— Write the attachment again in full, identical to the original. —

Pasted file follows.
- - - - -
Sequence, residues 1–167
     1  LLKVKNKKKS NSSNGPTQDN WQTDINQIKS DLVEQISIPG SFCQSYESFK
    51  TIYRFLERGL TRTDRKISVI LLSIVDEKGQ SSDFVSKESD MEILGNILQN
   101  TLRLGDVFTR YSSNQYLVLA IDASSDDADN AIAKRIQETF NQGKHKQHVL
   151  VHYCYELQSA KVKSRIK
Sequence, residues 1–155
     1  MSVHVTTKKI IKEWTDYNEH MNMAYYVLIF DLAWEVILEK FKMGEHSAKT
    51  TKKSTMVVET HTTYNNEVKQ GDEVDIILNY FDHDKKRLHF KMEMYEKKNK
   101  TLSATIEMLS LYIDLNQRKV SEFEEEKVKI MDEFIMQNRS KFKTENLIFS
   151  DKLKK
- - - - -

Sequence, residues 1–167
     1  LLKVKNKKKS NSSNGPTQDN WQTDINQIKS DLVEQISIPG SFCQSYESFK
    51  TIYRFLERGL TRTDRKISVI LLSIVDEKGQ SSDFVSKESD MEILGNILQN
   101  TLRLGDVFTR YSSNQYLVLA IDASSDDADN AIAKRIQETF NQGKHKQHVL
   151  VHYCYELQSA KVKSRIK
Sequence, residues 1–155
     1  MSVHVTTKKI IKEWTDYNEH MNMAYYVLIF DLAWEVILEK FKMGEHSAKT
    51  TKKSTMVVET HTTYNNEVKQ GDEVDIILNY FDHDKKRLHF KMEMYEKKNK
   101  TLSATIEMLS LYIDLNQRKV SEFEEEKVKI MDEFIMQNRS KFKTENLIFS
   151  DKLKK